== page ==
Nurturing young Lutherans for service to the communion

26 Aug 2015
LWF Vice-President for Asia Eun-hae Kwon, right, with Sumita Chin, from Malaysia. Kwon says the ongoing witness of Lutherans motivates her to serve. Photo: LWF/M. Renaux

LWF Vice-President for Asia Eun-hae Kwon, right, with Sumita Chin, from Malaysia. Kwon says the ongoing witness of Lutherans motivates her to serve. Photo: LWF/M. Renaux

Young reformers hear how LWF’s contribution shapes leaders 

WITTENBERG, Germany/GENEVA, 26 August 2015 (LWI) - The Lutheran World Federation (LWF) gathering of young adults in Wittenberg, Germany, provides opportunity to learn how working together in the communion of churches nurtures individual life for service and transformation in the local and global church, as well as wider society.

“Being the youngest LWF Vice President is a great blessing and at the same time a huge challenge for me. But I am motivated by the ongoing witness of Lutheran churches in our region,” said LWF Council member Eun-hae Kwon.

Kwon, 28, a member of the Lutheran Church in Korea, shared at an inter-generational talk show at the ongoing LWF Global Young Reformers Network (GYRN) workshop with Bishop Dr Tamas Fabiny, vice president for Central Eastern Europe and General Secretary Rev. Dr Martin Junge.

Christian churches are in a minority situation in Asia, a region marked by obstacles such as religious persecution and exodus of young people to other countries, she noted. “When I visit the LWF member churches, see the gifts that men, women and youth bring to the churches, and see how their witness has survived, this gives me the motivation to serve and to continue more faithfully in my role,” she added.

The LWF leaders are among speakers at the 22 August to 4 September gathering who are supporting the 140 young reformers from 80 LWF member churches in envisioning how to strengthen existing youth ministries and create new ones across the communion. Under the theme, “Freed by God’s Love to Change the World,” the global network will also elaborate on the youth contribution to the 500th anniversary of the Reformation in 2017 and beyond.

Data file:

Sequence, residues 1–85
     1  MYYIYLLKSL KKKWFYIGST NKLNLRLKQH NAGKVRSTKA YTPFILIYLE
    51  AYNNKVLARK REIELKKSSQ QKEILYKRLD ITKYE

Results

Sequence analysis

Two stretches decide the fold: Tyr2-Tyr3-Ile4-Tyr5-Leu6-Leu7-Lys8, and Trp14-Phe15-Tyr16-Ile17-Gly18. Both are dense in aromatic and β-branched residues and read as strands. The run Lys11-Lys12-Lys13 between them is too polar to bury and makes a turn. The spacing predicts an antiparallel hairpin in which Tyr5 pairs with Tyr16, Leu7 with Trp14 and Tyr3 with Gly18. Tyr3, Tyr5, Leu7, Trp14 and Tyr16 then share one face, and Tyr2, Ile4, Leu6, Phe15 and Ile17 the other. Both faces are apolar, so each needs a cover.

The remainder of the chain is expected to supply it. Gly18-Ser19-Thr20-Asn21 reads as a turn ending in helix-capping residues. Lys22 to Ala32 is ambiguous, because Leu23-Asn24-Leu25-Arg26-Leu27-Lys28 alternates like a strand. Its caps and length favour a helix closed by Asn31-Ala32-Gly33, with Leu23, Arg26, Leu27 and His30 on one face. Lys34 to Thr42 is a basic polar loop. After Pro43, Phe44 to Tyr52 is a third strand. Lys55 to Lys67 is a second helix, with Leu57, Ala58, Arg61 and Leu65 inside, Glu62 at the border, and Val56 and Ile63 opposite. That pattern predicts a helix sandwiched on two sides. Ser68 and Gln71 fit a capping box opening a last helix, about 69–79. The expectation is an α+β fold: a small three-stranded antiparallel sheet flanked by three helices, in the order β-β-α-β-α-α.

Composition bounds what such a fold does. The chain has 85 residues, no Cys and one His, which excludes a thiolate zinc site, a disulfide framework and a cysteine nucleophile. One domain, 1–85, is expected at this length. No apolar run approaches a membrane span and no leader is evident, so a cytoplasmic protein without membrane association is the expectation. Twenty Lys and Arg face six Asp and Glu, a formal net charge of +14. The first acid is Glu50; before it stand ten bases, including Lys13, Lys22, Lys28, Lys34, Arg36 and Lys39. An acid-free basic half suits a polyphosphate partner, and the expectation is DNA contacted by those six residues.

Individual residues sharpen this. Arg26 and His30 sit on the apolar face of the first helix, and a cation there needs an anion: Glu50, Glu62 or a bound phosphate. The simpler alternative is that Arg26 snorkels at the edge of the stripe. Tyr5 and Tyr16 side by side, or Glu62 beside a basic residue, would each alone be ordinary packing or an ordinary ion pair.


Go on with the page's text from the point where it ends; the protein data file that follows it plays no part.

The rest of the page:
LWF Youth at the Department for Mission and Development has organized the workshop, which is being hosted by the Evangelical Church in Central Germany.

Fabiny, bishop of the Northern Diocese of the Evangelical Lutheran Church in Hungary, explained how participation in the LWF from his youth days has shaped his leadership role and how global Lutheran communion solidarity can influence political change.

Critical attitude

Referring to a video recording of LWF assemblies from the founding assembly in Lund, Sweden in 1947 until 1984 in Budapest, Hungary, Fabiny highlighted youth and Lutheran churches’ contribution to evolving global contexts. The LWF provided opportunity for contact with other Christians and churches during the Cold War era, which was marked by suppression of democracy and movement and the lack of both freedom of religion and press, he said. “If we had not had organizations like the LWF, we would not have had so much support for the critical attitude” that led to democratic change, he emphasized.

Fabiny, who was a 25-year-old youth delegate at the 1984 LWF Assembly, reminded the young reformers of the support and opportunities the LWF offers for critical response to today’s social political issues, such as the plight of refugees and migrants. He encouraged them to be more active in their churches and wider society and expressed his hope that in the next 30 years “you will be able to show some images from the Wittenberg workshop,” to young people in LWF churches.

Junge, an ordained pastor of the Evangelical Lutheran Church in Chile explained his first contact with the LWF was as a youth delegate to the 1990 pre-assembly for the Latin America and Caribbean region in Buenos Aires, Argentina. “I got to see people from all over the world I hadn’t seen before and never met. The LWF became a space of connecting to the world, to the churches; and to get an understanding which since then, has fascinated me,” he said.

Nurturing unity

In later years, the distinct contribution of the LWF was something Junge experienced as churches in his home country struggled with the reality of dictatorship, which resulted in a division in the Lutheran church. LWF’s intervention provided a space for reconciliation.

His message to the young reformers about one of the critical lessons he has learned: “It takes days, months, sometimes a few years for a church to loose unity, but it takes decades to come together.” He encouraged the young LWF member church representatives to “never forget that, and watch the step towards unity all the time.”

In earlier sessions, the general secretary responded to questions from the young reformers about LWF’s work, membership, funding, advocacy and youth participation among others.

Some of the thematic discussions continuing in group discussions include Lutheran identity, renewal of mission, rethinking church and creating community, empowering youth, networking, church sustainability and climate justice.


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Pauline Mumia